We have two different dates of life, number of men who were invoved in the shooting and whether he was dragged away or shot on his mother's porch.

This obvious "conflict" is only so in the corte duree, not the lognue.
In the longue duree narrative, the precise dates, number of men and whether or not an oath was sworn are ancillary at best. The fact that the veteran was murdered, absolved of it and that it was over voting in a white only suffrage county is what is important. The legend, whether true or not, as recounted by Wallace shows us more about Wallace and the fact that he would use this as political feed than the event itself.

The legend is therefore important in folk memory as a pre-destined rallying call for the nascent Civil Rights Movement. The murder is important because it was an unpunished political murder. The murder is important because it was a murder in which an individual or group of individuals showed they had the power to get away with denying the most basic of all human rights and not lose status in the community.

Therefore, by my analysis, the murder is important as an individual outrage out of many by a poisoned political order and majority society and the legend is for creating a martyr from a victim.

It would be a great research project to track down the family -- many of whom are still alive, I'm sure -- the court records and every piece of evidence to write the definitive account.

Regardless of mere trivial data, Mr. Marceo Snipes, you are a hero to me.
Printer Friendly | Permalink |  | Top
 
struggle4progress Donating Member (1000+ posts) Send PM | Profile | Ignore Thu Feb-15-07 01:30 AM
Response to Reply #13
14. I can find five or six history books that agree that the fellow was shot
at his house the day after he voted in 1946. In most cases, the books are discussing a number of racially-motivated murders and don't provide much more detail than that about this case. The date seems fixed.

I can't see that it really matters much whether four men all shot him or a group men confronted him but only one of them shot him, or whether they dragged him from inside his house and shot him on the porch or dragged him off the porch to shoot him.

Printer Friendly | Permalink |  | Top
 
nealmhughes Donating Member (1000+ posts) Send PM | Profile | Ignore Thu Feb-15-07 12:40 PM
Response to Reply #14
15. That is my entire point.
Edited on Thu Feb-15-07 12:42 PM by nealmhughes
The small details are immaterial for an analysis of the event.

The fact that four or five books use the same data does not prove it "true," as the odds are they are citing the same source. It is secondary sourcing, and secondary sourcing relies upon other sources, either primary or secondary.

The details of the murder are basicly in agreement in the historical community: he was a veteran. He registered and voted. For that he was murdered. The number of men associated, his exact age, etc. are mere "filler." The absolution of the murder and the reason it was committed are of what is of most importance in the narrative.

The development of the legend of his mother's vow is also not "really" important in my eyes, rather that it exists at all.

History is the most political and philosophical of all the disciplines a student normally encounters. How we read "fact" is not history, but chronology. History is the synthesis of fact tempered with a wide variety of sources' interpretation, allowing one to develop their own narrative of "truth" and how it is used.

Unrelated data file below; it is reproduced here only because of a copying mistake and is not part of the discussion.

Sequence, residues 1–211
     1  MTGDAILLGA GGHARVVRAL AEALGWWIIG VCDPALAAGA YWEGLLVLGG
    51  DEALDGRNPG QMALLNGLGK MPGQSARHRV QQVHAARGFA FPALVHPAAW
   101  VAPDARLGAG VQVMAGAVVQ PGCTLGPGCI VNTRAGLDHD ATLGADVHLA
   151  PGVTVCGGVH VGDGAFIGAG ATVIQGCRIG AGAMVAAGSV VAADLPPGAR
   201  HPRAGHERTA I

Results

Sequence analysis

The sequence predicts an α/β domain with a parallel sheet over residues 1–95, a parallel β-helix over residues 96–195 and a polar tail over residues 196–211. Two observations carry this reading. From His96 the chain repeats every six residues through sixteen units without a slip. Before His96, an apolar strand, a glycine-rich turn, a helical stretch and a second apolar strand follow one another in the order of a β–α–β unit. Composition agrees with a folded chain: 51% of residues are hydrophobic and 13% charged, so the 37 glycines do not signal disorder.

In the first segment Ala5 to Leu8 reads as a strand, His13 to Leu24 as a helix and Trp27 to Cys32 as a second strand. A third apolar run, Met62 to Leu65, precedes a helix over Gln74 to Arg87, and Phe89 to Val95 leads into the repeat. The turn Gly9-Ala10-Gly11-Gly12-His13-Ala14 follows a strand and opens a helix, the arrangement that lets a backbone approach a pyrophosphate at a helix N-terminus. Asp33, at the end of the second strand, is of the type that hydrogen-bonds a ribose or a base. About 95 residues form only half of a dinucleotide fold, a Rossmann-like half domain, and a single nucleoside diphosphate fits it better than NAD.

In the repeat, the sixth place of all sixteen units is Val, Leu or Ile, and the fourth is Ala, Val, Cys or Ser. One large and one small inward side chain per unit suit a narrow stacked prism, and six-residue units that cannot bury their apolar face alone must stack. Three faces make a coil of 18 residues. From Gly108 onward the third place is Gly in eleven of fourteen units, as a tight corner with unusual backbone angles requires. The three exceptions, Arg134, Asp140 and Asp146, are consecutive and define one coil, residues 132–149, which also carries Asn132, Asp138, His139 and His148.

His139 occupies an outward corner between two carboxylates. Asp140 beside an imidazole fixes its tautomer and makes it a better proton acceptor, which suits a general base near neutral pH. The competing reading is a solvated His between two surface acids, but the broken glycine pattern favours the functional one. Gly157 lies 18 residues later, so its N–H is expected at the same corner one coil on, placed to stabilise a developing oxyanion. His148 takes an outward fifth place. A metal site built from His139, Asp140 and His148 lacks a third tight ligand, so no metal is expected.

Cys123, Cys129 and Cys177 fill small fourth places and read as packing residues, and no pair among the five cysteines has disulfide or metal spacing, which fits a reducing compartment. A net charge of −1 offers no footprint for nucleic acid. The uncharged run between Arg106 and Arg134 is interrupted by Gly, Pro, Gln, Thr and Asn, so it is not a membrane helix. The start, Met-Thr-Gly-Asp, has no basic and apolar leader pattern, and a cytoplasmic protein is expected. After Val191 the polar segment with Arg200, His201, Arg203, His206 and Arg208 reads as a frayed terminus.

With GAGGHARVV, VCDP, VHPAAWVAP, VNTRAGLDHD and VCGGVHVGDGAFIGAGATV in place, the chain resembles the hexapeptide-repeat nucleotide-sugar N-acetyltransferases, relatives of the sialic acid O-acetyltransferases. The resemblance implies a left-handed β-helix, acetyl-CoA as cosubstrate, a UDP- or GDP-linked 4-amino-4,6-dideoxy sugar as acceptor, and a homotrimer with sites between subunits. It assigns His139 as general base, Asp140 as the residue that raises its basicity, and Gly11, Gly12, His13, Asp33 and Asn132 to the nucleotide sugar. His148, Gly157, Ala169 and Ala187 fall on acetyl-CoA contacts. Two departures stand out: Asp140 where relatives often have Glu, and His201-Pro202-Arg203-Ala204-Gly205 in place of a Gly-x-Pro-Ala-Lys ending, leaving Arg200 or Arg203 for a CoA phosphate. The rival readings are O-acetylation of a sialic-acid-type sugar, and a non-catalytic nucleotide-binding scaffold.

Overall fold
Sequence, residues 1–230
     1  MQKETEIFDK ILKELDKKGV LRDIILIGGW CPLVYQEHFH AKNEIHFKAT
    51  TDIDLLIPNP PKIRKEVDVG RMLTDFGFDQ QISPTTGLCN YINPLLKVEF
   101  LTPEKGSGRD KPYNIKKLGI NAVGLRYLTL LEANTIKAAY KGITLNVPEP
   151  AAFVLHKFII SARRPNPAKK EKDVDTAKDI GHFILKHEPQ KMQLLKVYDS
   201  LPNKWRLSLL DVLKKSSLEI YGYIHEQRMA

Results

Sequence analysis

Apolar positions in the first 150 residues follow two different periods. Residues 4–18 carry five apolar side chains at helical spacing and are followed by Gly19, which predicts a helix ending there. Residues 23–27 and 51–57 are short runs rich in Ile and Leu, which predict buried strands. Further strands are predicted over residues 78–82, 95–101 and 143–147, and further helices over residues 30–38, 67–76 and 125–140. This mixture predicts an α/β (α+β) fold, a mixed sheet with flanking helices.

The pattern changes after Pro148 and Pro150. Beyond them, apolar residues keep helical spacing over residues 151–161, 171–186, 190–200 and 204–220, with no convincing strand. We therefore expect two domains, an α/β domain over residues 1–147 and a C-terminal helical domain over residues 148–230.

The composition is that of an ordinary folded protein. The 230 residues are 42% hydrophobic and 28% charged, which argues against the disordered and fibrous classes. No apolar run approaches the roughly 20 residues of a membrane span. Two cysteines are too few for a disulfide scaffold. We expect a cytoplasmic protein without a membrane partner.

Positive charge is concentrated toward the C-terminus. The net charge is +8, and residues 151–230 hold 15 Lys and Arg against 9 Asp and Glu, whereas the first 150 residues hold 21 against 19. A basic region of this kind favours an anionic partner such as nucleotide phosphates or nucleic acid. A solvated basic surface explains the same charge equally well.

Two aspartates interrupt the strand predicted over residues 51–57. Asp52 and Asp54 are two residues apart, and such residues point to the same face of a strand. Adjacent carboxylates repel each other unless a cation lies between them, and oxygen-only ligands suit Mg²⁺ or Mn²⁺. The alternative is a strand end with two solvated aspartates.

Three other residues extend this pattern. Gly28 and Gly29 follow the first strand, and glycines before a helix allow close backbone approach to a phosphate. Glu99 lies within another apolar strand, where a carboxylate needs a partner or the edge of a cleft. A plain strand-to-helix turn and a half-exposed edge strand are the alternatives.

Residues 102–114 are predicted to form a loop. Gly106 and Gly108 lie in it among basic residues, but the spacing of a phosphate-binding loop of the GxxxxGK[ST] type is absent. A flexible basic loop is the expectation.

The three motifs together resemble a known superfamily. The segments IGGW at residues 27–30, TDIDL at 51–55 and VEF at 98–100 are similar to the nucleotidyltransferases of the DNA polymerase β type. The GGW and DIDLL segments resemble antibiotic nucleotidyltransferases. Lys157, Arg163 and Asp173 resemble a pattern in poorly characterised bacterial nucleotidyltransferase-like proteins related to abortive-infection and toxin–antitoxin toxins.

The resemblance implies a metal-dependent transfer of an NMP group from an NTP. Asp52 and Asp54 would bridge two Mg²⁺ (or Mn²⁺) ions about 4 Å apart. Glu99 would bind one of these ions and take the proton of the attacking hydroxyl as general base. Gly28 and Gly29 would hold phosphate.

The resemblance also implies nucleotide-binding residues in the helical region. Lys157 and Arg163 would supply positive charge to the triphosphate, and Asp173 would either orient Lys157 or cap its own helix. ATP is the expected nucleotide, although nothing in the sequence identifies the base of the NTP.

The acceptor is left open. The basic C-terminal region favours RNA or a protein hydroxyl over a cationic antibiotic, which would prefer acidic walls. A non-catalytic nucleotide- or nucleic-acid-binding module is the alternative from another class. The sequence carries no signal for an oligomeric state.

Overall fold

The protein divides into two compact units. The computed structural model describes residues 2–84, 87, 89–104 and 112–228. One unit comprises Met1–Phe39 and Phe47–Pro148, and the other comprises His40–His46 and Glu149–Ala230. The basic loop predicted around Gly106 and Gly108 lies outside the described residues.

This story is very important to me for those reasons: it has transcended mere recitation of pure data: time, date, place, why, deed, actors, victim, etc. and developed into a history by our own analyses based upon what we know of the nascent civil rights movement, the anxiety of the newly returned WWII vets re:integration and suffrage on both sides of the "race divide" and the fact that power has allowed a murder to remain not merely unpunished but to have been swept aside by aquittal of defendents.

The question of whether or not the mother of the dead man made the vow at the coffin is not material, what is is that people believe she did. In his history of the Peloponessian Wars, Thucidides funeral oration from Pericles was admittedly "invented" by him. But it is an example when if "someone didn't say it, they should have."

I call not the vericity of the mother's speech into question, for whether or not she said it, "she ought to have." The funeral ortation is the most important part of the narrative. The fact that it has passed into folklore is the most important part of the entire story, for there were many men killed for less and who got away with more than this outrage.

The entire narrative reminds me of Martin King's "Mountiantop Speech," his last public oration in Memphis before his murder in its chilling foresight: the imagry of Moses not being allowed to cross the Jordan, the window banging shut sounding like a gun shot that night in the hot packed hall... It is a work of prophecy and so was the "Mother's Vow".

I hope that I have not used too many overly technical historigraphical terms, but history is a most specialized branch of literature, and consequently has its own vocabulary.

I have studied African-American and New and Old South History for over four years at the graduate level and this story is absolutely enthralling to me on a personal and professional level.

I am most grateful to DU for bringing it to light.
Printer Friendly | Permalink |  | Top
 
DU AdBot (1000+ posts) Click to send private message to this author Click to view 
this author's profile Click to add 
this author to your buddy list Click to add 
this author to your Ignore list Wed Apr 14th 2021, 01:12 AM
Response to Original message
Advertisements [?]
 Top

Home » Discuss » Latest Breaking News Donate to DU

Powered by DCForum+ Version 1.1 Copyright 1997-2002 DCScripts.com
Software has been extensively modified by the DU administrators


Important Notices: By participating on this discussion board, visitors agree to abide by the rules outlined on our Rules page. Messages posted on the Democratic Underground Discussion Forums are the opinions of the individuals who post them, and do not necessarily represent the opinions of Democratic Underground, LLC.

Home  |  Discussion Forums  |  Journals |  Store  |  Donate

About DU  |  Contact Us  |  Privacy Policy

Got a message for Democratic Underground? Click here to send us a message.

© 2001 - 2011 Democratic Underground, LLC